In : Non classé13 May 2013
Manufacturers are fighting it out on the tablet market – with the notable exception of BlackBerry…
According to leaks from Taiwanese suppliers, Apple will be launching two new tablets by the end of the year. The iPad 5 (in the middle of the photo), is thinner, lighter and has a longer battery life than its predecessor. With a 9.7’’ display, it is said to be based on the iPad Mini and due to hit the shops in early autumn.
Meanwhile, Apple is rumoured to be announcing the launch of the iPad Mini 2, a smaller version with a 7.9-inch retina display, at the end of the year.
Samsung’s new 7-inch mini tablet (Wi-Fi version launched this month, whilst the 3G model is due to go on sale this summer), is aimed squarely at the entry-level market, with a dual-core processor, Android Jelly Bean, limited definition and 8 or 16 GB of storage.
The Surface Pro is set to be launched in Europe at the end of May. The professional version of the Surface tablet (pictured here) runs Windows 8 Pro and is a hybrid model, which can be used both as a laptop (physical keyboard, 11.6-inch monitor) and a tablet.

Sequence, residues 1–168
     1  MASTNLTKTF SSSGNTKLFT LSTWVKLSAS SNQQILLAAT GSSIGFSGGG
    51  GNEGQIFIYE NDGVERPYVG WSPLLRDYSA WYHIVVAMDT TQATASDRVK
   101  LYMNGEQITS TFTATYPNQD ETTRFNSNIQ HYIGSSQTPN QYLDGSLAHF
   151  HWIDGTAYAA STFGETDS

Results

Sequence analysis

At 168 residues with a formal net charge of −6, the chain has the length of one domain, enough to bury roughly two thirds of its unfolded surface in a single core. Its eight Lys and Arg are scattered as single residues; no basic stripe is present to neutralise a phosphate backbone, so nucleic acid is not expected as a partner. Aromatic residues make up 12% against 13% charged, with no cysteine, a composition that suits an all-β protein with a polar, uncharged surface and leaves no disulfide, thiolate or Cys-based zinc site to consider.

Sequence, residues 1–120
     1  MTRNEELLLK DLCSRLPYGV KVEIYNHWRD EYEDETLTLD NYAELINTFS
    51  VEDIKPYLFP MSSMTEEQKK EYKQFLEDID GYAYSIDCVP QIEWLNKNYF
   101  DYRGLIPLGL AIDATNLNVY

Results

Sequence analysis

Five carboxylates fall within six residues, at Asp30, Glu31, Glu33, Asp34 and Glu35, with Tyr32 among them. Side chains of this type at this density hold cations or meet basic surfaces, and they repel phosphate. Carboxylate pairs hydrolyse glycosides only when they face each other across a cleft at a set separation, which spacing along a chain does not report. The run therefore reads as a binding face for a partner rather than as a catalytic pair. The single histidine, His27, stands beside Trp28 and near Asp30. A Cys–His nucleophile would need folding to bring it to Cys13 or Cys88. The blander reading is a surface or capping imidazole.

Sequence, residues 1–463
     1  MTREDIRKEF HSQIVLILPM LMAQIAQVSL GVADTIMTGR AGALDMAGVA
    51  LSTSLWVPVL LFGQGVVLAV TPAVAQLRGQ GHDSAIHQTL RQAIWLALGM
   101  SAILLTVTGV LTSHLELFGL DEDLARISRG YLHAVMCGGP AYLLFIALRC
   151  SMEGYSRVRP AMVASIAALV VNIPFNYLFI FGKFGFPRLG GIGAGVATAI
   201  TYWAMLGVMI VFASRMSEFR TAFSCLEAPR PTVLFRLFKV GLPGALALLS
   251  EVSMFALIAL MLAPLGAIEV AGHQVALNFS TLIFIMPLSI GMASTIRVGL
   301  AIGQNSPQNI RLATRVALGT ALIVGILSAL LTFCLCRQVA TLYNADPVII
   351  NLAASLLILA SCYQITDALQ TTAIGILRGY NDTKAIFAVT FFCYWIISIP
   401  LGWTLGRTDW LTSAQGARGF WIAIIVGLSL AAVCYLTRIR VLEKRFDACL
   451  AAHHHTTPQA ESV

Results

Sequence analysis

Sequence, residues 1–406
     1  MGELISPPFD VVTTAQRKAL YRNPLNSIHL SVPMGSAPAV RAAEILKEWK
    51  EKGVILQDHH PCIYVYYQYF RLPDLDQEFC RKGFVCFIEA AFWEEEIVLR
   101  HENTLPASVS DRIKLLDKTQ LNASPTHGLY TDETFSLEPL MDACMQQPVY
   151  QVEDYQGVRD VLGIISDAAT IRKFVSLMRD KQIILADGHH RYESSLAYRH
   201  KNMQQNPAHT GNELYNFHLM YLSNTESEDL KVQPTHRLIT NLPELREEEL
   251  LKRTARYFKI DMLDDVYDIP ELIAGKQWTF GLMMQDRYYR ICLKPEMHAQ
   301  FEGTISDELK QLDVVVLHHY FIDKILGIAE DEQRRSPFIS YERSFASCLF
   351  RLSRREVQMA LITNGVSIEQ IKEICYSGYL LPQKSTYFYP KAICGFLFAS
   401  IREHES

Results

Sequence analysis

In July, Microsoft should also be launching a smaller version of its Surface tablet, with a 7.5-inch display, in an attempt to challenge other mini tablets such as the iPad Mini and Google’s Nexus 7.
After launching its new OS and the Z10 smartphone range at the beginning of the year (see the emedia article), will BlackBerry make another attempt to crack the tablet market after its Playbook failed to make an impact?
Rumour has it that the Canadian firm will be either having another go at the tablet market or exploring the phablet segment, one of the key trends at this year’s MWC in Barcelona – a rumour that was subsequently denied by BlackBerry’s CEO, Thorsten Heins, who predicted, on the contrary, that the tablet trend may die out within the next five years.